Some of the recipes included in this debut do sound pretty tasty (especially the Better Than Ben Affleck Dessert), but you’d...



Four girls just out of college share a Manhattan apartment; in their spare time, they hit happy hour, hunt for guys and start a cooking club.

Narrator Charlotte “Charlie” Brown, who just got out of college, has moved into an Upper West Side apartment with three roommates. Their combined adventures are related in breathless, ADD-afflicted, yapping-puppy prose. “I am a single goddess, a working girl, a creature like no other,” gushes Charlie, whose healthy sense of self-esteem quickly becomes cloying. In short order, she has become a bona-fide city girl: hanging at the neighborhood bar nightly, cruising for her hot and wealthy Mr. Right and using family connections to finagle a job at a daytime syndicated TV show whose domineering host has many unsubtle similarities to Martha Stewart. (Stephens was a producer at Stewart’s company.) To provide this shambling collection of brain-dead aphorisms and muffled relationship comedy with some semblance of shape, the authors have Charlie and her friends form a supportive cooking club; recipes pop up every now and then to relieve the tedium of the story. Stephens and DeSales prove so inept at making even the narrator of this worshipful ode to pre-yuppie airheads into a coherent character that her friends and the occasional romantic prospect stand little chance of proving interesting.

Some of the recipes included in this debut do sound pretty tasty (especially the Better Than Ben Affleck Dessert), but you’d have to stretch to find anything else nice to say about it.

Pub Date: May 15, 2006

ISBN: 0-7679-2139-9

Page Count: 384

Publisher: Broadway

Review Posted Online: May 20, 2010

Kirkus Reviews Issue: March 1, 2006

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It's being called a novel, but it is more a hybrid: short-stories/essays/confessions about the Vietnam War—the subject that O'Brien reasonably comes back to with every book. Some of these stories/memoirs are very good in their starkness and factualness: the title piece, about what a foot soldier actually has on him (weights included) at any given time, lends a palpability that makes the emotional freight (fear, horror, guilt) correspond superbly. Maybe the most moving piece here is "On The Rainy River," about a draftee's ambivalence about going, and how he decided to go: "I would go to war—I would kill and maybe die—because I was embarrassed not to." But so much else is so structurally coy that real effects are muted and disadvantaged: O'Brien is writing a book more about earnestness than about war, and the peekaboos of this isn't really me but of course it truly is serve no true purpose. They make this an annoyingly arty book, hiding more than not behind Hemingwayesque time-signatures and puerile repetitions about war (and memory and everything else, for that matter) being hell and heaven both. A disappointment.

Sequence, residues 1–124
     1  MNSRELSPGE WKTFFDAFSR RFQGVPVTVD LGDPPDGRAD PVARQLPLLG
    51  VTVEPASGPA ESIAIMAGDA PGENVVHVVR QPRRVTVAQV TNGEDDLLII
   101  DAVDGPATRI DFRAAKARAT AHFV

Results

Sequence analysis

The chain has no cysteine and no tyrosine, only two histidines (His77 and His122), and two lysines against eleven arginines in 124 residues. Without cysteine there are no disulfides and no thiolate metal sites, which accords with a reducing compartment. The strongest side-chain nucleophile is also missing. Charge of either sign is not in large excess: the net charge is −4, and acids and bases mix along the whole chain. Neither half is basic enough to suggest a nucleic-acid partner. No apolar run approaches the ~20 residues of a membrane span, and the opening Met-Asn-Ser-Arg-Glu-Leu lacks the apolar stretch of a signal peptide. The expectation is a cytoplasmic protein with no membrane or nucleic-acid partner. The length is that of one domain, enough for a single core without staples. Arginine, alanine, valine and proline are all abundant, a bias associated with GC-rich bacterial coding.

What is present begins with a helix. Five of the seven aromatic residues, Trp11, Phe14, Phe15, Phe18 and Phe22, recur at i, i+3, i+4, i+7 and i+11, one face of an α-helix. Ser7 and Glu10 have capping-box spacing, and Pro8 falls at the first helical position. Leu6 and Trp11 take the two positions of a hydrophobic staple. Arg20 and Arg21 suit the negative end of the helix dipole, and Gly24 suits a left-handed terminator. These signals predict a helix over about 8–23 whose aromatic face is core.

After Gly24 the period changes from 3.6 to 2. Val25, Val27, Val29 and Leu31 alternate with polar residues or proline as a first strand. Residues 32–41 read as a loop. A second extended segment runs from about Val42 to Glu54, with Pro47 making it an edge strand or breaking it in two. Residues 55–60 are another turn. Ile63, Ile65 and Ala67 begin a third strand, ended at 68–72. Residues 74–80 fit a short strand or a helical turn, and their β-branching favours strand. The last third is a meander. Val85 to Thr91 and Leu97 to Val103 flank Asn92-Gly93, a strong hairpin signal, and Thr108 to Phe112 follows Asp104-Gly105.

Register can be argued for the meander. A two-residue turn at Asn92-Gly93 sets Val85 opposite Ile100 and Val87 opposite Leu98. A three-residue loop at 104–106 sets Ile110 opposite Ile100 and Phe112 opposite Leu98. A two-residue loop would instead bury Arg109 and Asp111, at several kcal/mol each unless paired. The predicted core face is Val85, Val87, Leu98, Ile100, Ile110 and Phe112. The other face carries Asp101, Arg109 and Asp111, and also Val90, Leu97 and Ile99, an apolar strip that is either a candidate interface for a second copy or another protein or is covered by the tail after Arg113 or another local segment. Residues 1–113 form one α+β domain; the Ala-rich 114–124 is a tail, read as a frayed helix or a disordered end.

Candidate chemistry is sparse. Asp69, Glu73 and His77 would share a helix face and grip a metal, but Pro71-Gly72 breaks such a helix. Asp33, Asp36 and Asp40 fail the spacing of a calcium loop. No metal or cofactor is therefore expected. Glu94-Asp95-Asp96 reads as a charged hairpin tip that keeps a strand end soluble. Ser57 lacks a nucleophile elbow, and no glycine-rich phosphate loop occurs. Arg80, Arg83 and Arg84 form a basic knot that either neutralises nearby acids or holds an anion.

Pub Date: March 28, 1990

ISBN: 0618706410

Page Count: 256

Publisher: Houghton Mifflin

Review Posted Online: Oct. 2, 2011

Kirkus Reviews Issue: Feb. 15, 1990

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Visionary speculative stories that will change the way readers see themselves and the world around them: This book delivers...

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Exploring humankind's place in the universe and the nature of humanity, many of the stories in this stellar collection focus on how technological advances can impact humanity’s evolutionary journey.

Chiang's (Stories of Your Life and Others, 2002) second collection begins with an instant classic, “The Merchant and the Alchemist’s Gate,” which won Hugo and Nebula awards for Best Novelette in 2008. A time-travel fantasy set largely in ancient Baghdad, the story follows fabric merchant Fuwaad ibn Abbas after he meets an alchemist who has crafted what is essentially a time portal. After hearing life-changing stories about others who have used the portal, he decides to go back in time to try to right a terrible wrong—and realizes, too late, that nothing can erase the past. Other standout selections include “The Lifecycle of Software Objects,” a story about a software tester who, over the course of a decade, struggles to keep a sentient digital entity alive; “The Great Silence,” which brilliantly questions the theory that humankind is the only intelligent race in the universe; and “Dacey’s Patent Automatic Nanny,” which chronicles the consequences of machines raising human children. But arguably the most profound story is "Exhalation" (which won the 2009 Hugo Award for Best Short Story), a heart-rending message and warning from a scientist of a highly advanced, but now extinct, race of mechanical beings from another universe. Although the being theorizes that all life will die when the universes reach “equilibrium,” its parting advice will resonate with everyone: “Contemplate the marvel that is existence, and rejoice that you are able to do so.”

Visionary speculative stories that will change the way readers see themselves and the world around them: This book delivers in a big way.

Pub Date: May 8, 2019

ISBN: 978-1-101-94788-3

Page Count: 368

Publisher: Knopf

Review Posted Online: Feb. 17, 2019

Kirkus Reviews Issue: March 1, 2019

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